However, the introduction of anti-spam legislation such as the South African Consumer Protection Act and Protection of Personal Information act may now require companies to be able to prove that promotions were sent during an opted in period, even if the client has subsequently opted out of receiving marketing materials.
The ability to quickly and easily identify good quality transactions (occurring within the contract period) can be of real importance and is a key data quality measure.
5. Default dates. Date of birth and similar values should show a reasonable spread. If 10% of your dates of birth, for example, fall on the first of the month then this could be an indication of a data quality problem.
In many cases, this kind of issue is caused by a default rule – if you have no date of birth, or it is invalid, then default to the first of the month.
These can be picked up by data profiling but typically require additional investigation to confirm. I would suggest that it is better to have no date that a default date as default dates can significantly skew analyses and have no relevance.
6. Unexpected use of dates.
In many applications date fields are assigned specific roles. For example, a field called “Birth Date” may reasonably be assumed to hold the date of birth of a person.
However, this may not always be the case. Off-the-shelf named fields are often repurposed if not immediately useful, as this is quicker and cheaper than creating custom fields. Maybe marketing were more interested in knowing when a customer was acquired, than in knowing when she was born. So the “Date of Birth” field is used to capture the “Customer Acquisition Date.”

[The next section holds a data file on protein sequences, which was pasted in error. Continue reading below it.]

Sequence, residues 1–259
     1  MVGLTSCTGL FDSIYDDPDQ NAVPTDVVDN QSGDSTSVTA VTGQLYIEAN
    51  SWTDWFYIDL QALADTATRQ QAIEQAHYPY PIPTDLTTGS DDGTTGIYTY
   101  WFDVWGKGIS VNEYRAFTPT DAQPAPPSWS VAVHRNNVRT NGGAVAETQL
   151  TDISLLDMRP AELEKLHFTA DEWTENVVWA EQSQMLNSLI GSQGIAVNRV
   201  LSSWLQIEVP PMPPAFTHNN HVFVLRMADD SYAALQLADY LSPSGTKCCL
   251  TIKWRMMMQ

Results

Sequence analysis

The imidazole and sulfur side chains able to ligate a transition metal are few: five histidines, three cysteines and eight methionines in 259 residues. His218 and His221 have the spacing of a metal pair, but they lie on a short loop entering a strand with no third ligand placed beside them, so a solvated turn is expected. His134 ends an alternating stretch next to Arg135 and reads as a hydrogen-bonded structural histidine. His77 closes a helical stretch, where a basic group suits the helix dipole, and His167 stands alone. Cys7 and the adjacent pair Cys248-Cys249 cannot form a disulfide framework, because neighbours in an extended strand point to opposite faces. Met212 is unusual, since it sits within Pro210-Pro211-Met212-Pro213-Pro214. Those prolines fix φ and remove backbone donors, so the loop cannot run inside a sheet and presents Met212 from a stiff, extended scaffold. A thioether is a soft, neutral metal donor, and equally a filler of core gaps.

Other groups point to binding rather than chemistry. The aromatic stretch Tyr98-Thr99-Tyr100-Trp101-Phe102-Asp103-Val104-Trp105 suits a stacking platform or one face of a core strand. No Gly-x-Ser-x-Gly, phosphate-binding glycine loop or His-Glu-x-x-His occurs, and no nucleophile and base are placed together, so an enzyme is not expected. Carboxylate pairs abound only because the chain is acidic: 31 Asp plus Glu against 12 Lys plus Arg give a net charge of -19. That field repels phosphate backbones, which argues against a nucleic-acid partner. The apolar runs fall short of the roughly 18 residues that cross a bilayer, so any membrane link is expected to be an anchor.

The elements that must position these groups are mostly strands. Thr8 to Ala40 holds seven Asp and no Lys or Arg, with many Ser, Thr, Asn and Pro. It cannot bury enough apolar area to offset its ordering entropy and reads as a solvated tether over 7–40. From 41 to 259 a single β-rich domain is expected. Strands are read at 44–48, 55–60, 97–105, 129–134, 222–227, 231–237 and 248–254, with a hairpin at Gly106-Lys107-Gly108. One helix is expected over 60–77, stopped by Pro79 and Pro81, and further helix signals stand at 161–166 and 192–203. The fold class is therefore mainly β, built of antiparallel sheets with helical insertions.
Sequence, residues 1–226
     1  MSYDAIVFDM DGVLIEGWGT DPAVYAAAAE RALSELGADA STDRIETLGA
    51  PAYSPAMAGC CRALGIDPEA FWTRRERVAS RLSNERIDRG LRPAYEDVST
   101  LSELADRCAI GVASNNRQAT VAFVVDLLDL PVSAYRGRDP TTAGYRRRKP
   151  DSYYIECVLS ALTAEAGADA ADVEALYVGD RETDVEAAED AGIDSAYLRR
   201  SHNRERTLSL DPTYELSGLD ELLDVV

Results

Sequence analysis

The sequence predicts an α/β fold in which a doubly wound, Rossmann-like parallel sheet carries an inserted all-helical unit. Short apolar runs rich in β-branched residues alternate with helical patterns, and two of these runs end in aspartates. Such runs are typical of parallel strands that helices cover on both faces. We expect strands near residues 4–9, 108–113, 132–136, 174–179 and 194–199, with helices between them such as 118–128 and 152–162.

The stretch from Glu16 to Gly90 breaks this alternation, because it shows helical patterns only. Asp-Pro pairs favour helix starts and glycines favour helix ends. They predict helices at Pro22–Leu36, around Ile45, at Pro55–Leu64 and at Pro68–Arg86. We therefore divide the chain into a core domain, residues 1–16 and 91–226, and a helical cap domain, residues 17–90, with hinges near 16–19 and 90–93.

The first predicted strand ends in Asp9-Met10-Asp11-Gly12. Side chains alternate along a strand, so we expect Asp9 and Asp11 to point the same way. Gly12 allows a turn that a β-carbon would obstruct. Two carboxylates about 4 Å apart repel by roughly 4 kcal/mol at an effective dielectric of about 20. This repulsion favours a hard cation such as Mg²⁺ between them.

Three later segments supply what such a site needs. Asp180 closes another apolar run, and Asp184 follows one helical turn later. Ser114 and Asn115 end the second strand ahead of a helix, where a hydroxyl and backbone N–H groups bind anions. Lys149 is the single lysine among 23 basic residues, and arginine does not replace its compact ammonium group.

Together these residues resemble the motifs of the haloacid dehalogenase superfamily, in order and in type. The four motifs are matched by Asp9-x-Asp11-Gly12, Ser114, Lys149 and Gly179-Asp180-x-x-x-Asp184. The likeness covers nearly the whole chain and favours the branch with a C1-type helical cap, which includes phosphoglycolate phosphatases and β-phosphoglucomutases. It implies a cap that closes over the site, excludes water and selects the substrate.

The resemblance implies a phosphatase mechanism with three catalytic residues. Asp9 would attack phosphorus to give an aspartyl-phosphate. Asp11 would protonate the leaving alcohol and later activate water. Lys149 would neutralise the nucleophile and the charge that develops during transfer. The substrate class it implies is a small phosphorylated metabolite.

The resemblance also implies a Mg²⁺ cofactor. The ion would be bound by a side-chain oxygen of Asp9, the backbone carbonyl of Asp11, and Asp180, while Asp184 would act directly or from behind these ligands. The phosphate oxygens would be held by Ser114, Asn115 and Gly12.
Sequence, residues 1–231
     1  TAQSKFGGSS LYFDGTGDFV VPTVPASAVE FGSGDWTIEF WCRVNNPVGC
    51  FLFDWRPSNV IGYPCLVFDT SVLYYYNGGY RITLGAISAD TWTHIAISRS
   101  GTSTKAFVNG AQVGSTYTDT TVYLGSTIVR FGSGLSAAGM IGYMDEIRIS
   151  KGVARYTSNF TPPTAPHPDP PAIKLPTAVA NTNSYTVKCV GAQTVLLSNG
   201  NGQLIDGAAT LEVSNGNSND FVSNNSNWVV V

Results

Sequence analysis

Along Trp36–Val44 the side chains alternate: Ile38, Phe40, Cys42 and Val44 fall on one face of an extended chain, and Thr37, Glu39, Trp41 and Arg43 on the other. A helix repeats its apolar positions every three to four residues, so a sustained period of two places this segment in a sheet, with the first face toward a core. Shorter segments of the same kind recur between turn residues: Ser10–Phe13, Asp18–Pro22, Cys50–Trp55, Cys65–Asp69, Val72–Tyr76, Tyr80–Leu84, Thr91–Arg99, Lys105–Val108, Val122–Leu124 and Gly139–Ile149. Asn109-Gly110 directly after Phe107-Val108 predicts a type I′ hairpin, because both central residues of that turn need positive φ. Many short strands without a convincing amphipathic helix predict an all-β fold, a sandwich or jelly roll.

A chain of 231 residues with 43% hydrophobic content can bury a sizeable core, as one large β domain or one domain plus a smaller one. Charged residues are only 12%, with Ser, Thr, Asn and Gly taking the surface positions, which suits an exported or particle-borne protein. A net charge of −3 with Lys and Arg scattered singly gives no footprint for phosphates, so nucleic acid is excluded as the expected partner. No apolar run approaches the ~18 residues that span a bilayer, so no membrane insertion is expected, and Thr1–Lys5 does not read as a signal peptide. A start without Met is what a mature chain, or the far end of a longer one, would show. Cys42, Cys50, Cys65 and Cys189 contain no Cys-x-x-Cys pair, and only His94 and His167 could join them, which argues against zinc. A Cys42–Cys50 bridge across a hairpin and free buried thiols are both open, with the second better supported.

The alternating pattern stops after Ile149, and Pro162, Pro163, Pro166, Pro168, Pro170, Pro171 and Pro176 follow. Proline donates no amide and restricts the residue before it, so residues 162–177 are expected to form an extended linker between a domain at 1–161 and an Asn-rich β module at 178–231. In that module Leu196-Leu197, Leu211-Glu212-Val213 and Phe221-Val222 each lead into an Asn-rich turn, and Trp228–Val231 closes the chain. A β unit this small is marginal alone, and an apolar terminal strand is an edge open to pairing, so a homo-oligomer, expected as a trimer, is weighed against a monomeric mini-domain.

This is a typical data governance problem. Downstream users (for reporting and other applications) often do not know about these changes and assume the data is being used for the labelled purpose. This can lead to invalid reports (for example segmenting customers based on incorrectly calculated ages.)
Ideally, your data governance platform should document and communicate these kind of repurposing, ensuring that everybody in the organisation understand which fields are used for which purpose, and which calculations use which fields.
7. Hidden dates. Some data – for example South African identify numbers, some barcodes or company registration numbers include a date as part of the formula. These hidden dates can be checked for sanity against other date related information in the record. If the two dates do not tie up it can be a sign of accuracy issues within the record.
8. The lack of an audit date. In Simple tips for designing for data quality I discussed how dates provide valuable inputs for root cause analysis. It is important to understand when data was captured, or changed, and by whom, in order to trace specific issues to their cause.
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By using your knowledge of these common date related issues in your planning you can reduce the time you spend in the office fixing issues down the line. Maybe you will even find time for a real date with your partner.
Image sourced from http://pixabay.com/en/candle-light-dinner-eat-table-101095/